Thursday, January 06, 2011

smug




recently i was involved in a discussion with a guy that was explaining how we should understand criminals. the emphasis was on farm murders but we touched on murderers in general, rapists and child molesters. my point of view was that i did not understand them and felt that he was justifying their actions. in the end i was informed that i was smug. apparently that is the word for people that couldn't see the point of view of the poor misunderstood murderers and rapists and molesters.

so smug is what i am, it seems. you see the fact is i can't understand his beloved murderers. i just can't. i also in my smugness wonder how he can, but i think i know.

it has to do with not being in the trenches. it has to do with not being faced with the blood and the tears and the guts and the screams...mostly the screams. it is probably easy to be nice and philosophical sitting snugly (not smugly apparently) in a nice air-conditioned office, philosophizing on the reasons people point a gun at people and pull the trigger. or worse...

the thing is i can't forget. i am scarred. i remember the patient lying in a pool of his own blood, looking up at me and asking, beseeching even to tell him he is going to be ok. i remember wanting to tell him that it would all turn out just fine. i even remember wanting to hold his hand because his mother wasn't there to take care of the emotional side of things. in the end i remember not telling him he would be ok because i wasn't sure he would. i also remember not being the mother he needed in the last moments of his life because that is what it turned out to be. after we had plough through the blood and feces floating around in his abdomen, violated by the bullet fired from the gun of someone my friend feels i must understand, the patient died. he did not die well with his mother or wife holding his hand in love. he died alone in some icu ward with adrenaline being pumped into his veins and oxygen being pumped into his lungs with a scarred doctor who felt that his time may have been better spent holding the patient's hand rather than pouring time and energy into a futile attempt to save his life. you see the reason i can't see the side of the killer is that the killer is still alive and has the sentiments of my learned friend to feel for him. my patient is dead and there was no one next to his bed when he died. there is no one to state his case now.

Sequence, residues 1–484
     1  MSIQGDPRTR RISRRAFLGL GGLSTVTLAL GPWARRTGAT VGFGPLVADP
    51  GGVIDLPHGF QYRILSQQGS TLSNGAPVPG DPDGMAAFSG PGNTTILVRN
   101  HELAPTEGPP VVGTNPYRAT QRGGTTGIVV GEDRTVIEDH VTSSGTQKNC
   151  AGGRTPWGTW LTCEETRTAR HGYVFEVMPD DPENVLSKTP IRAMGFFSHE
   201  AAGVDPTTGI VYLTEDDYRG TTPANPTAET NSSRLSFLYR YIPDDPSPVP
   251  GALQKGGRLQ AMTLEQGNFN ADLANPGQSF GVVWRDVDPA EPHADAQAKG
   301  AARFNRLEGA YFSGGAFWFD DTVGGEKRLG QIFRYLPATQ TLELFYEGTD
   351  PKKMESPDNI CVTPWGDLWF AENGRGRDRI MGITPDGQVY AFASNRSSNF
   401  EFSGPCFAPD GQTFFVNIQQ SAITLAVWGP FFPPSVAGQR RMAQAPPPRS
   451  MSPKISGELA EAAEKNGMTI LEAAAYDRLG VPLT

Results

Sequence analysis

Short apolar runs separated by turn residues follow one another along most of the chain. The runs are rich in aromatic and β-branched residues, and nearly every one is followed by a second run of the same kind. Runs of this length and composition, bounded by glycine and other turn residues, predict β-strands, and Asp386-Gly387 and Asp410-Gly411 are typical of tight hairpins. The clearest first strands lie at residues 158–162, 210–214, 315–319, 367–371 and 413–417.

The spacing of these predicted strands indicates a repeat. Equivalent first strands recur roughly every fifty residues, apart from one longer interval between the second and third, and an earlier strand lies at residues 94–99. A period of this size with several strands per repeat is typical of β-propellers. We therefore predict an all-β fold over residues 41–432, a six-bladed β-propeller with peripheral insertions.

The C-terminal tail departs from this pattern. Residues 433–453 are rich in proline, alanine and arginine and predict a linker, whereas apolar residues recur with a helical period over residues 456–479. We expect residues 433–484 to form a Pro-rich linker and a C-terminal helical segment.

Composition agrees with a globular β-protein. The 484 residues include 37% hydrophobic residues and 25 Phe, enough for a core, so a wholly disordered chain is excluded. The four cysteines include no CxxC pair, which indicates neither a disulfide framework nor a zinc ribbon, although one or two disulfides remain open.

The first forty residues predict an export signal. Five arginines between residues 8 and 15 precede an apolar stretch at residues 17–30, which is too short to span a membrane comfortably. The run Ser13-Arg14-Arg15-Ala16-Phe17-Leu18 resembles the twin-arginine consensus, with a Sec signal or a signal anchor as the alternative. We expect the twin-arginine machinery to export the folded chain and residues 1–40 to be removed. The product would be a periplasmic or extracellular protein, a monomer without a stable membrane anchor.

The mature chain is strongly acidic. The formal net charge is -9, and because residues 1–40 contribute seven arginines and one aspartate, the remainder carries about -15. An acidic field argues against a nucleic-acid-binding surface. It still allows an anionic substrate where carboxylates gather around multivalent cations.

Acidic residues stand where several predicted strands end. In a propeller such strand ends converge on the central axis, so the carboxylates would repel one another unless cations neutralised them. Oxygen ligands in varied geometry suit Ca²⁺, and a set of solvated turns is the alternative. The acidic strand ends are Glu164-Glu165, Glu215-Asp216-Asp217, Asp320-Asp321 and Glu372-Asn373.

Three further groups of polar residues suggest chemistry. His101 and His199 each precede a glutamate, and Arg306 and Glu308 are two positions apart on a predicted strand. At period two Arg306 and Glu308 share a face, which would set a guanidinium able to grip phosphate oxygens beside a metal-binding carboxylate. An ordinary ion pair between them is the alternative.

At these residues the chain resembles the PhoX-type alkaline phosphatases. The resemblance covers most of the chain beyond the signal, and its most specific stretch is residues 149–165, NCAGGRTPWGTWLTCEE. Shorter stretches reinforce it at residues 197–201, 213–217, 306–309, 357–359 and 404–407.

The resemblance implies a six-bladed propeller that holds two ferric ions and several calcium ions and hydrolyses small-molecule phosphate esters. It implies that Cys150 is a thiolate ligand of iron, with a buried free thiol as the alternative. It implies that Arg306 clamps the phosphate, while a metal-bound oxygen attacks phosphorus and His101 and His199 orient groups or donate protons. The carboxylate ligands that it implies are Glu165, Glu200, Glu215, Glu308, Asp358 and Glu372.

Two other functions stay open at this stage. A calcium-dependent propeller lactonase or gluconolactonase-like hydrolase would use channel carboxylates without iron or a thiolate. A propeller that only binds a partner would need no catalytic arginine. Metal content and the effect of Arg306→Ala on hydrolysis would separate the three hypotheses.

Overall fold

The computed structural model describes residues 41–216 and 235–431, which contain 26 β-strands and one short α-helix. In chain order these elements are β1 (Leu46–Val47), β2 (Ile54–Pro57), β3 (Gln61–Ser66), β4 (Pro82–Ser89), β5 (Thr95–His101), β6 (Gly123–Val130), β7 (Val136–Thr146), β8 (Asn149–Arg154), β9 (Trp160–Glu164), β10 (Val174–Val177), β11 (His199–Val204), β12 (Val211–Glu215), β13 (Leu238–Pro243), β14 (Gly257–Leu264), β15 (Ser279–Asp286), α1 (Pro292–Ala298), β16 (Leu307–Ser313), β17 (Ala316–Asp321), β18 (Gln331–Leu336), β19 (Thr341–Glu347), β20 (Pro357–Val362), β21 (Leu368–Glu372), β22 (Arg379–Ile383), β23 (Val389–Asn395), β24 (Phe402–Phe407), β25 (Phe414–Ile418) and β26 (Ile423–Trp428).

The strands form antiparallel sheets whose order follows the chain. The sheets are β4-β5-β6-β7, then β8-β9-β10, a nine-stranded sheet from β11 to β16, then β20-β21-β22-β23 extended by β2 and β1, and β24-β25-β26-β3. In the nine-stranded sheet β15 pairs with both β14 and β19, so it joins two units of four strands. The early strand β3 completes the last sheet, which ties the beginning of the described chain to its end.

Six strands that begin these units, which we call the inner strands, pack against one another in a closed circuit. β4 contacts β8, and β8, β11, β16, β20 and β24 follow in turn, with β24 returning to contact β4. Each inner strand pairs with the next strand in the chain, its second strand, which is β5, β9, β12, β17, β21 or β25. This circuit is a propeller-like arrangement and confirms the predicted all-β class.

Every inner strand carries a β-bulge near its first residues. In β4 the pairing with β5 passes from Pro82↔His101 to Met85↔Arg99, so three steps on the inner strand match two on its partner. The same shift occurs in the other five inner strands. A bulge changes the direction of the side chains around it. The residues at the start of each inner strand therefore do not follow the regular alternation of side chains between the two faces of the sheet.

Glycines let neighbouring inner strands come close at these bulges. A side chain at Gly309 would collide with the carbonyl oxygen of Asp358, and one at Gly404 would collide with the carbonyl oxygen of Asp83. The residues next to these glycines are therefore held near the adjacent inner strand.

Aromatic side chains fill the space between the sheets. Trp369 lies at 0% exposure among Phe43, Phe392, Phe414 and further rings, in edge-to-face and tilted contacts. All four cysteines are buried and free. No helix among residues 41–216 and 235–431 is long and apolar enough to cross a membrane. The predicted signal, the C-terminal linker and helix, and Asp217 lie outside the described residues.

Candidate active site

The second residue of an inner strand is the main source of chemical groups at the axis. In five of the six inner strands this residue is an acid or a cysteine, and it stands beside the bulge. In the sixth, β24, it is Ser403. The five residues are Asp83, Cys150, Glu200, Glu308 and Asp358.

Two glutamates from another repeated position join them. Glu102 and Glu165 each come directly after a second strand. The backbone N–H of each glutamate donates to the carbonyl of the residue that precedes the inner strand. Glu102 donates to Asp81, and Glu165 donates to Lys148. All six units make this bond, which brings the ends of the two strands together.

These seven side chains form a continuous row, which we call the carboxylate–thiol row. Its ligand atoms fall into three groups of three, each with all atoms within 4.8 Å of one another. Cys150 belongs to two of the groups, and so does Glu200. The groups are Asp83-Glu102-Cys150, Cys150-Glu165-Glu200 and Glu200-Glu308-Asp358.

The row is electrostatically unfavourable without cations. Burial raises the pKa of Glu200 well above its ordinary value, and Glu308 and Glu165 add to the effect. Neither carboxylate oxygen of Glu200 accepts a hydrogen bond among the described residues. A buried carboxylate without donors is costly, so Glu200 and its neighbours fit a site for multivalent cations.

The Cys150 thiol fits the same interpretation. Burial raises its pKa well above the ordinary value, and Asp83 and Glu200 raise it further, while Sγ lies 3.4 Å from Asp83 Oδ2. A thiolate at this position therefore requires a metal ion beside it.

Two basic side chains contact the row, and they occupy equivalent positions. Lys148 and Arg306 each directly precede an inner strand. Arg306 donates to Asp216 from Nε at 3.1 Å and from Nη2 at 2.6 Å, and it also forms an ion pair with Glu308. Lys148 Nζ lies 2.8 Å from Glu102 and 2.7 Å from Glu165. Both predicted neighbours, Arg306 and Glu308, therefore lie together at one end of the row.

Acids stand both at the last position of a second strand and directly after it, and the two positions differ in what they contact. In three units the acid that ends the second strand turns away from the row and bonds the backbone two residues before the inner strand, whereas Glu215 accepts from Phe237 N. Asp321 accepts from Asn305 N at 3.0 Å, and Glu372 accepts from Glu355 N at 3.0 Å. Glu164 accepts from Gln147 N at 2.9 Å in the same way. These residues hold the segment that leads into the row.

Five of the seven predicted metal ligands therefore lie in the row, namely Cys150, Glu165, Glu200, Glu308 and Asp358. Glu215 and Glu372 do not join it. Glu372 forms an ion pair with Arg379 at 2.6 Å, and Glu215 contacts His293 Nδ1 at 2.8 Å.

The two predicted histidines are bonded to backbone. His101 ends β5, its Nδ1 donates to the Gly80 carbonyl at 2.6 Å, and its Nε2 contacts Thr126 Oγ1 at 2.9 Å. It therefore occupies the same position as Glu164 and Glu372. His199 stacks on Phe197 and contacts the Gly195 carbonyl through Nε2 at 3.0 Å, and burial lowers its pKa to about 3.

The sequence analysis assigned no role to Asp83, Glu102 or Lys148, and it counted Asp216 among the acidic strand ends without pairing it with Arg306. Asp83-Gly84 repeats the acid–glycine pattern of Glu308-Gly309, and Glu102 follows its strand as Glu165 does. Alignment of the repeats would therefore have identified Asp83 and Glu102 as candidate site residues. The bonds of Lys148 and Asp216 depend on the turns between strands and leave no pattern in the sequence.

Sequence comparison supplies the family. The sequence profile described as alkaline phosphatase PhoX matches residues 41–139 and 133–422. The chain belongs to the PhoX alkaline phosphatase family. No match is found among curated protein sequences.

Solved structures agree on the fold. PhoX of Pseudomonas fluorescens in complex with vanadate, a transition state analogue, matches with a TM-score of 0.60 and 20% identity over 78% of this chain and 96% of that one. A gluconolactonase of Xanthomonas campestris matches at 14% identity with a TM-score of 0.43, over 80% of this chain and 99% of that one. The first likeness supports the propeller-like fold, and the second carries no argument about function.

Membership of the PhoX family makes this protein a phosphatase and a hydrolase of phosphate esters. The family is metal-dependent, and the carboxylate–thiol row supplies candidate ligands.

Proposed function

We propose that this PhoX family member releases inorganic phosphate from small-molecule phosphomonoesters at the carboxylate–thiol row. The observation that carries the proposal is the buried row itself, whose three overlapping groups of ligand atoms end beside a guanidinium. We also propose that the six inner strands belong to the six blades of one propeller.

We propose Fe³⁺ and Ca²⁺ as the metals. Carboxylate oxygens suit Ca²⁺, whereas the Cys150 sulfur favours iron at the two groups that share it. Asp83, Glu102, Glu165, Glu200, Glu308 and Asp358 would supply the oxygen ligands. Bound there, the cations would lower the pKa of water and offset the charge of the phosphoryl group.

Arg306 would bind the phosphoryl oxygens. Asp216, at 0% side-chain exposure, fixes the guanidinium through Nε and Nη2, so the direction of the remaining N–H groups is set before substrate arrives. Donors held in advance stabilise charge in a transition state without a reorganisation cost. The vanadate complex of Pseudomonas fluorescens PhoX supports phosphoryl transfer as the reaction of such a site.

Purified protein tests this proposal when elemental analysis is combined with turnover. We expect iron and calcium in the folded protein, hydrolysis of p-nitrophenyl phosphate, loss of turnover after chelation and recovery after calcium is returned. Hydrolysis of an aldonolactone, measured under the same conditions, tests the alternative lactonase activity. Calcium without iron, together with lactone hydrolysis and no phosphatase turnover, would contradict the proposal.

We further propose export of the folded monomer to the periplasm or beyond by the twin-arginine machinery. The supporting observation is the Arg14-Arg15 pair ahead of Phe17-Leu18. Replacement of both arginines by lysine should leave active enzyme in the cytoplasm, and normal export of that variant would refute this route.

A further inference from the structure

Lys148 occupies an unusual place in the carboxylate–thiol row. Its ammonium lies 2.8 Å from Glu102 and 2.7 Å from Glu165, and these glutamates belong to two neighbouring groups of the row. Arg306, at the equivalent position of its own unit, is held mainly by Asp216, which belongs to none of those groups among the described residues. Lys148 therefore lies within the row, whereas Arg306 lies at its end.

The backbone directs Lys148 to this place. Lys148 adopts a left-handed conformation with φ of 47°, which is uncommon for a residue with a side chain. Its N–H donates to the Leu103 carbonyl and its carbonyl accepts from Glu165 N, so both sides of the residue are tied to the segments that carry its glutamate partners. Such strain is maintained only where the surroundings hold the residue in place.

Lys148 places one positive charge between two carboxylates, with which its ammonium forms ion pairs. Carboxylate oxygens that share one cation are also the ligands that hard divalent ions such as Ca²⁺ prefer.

i remember the baby violated by her uncle. i was just a house doctor, but i had to examine her. the pediatrician couldn't face it. it is quite a thing to see the perineum of a four month old after it has been ripped apart by the penis of one of the people my friend understands so well. feces runs out of the vagina. it leaves a mark on the soul. but worse than that is the cry. the child did not scream anymore. i think it used up all its scream for its entire life during the deed. all that was left was a quiet constant moan. it is the ghostly moan of someone who has learned in her four month existence that there is no one who will come to her aid. there is no one to understand her. it will never leave me. my friend who is quick to understand the violator will call me smug, but may i suggest i might just be jaded?

the women raped is difficult to examine. somehow you feel you are violating her again. you feel you are making the whole ordeal worse. they don't resist. they are already broken. anyway, rape in our country is so commonplace, it may be the one area where i understand that my friend mat have sympathy with the perpetrator, but, sorry, i cannot. for me to examine those women tears me apart. it leaves me with a feeling that my own soul has been violated. that i am forced to do something because someone else destroyed a life. i refuse to see the point of that someone else. if that makes me smug, then smug i must be, but again i suspect i might be jaded.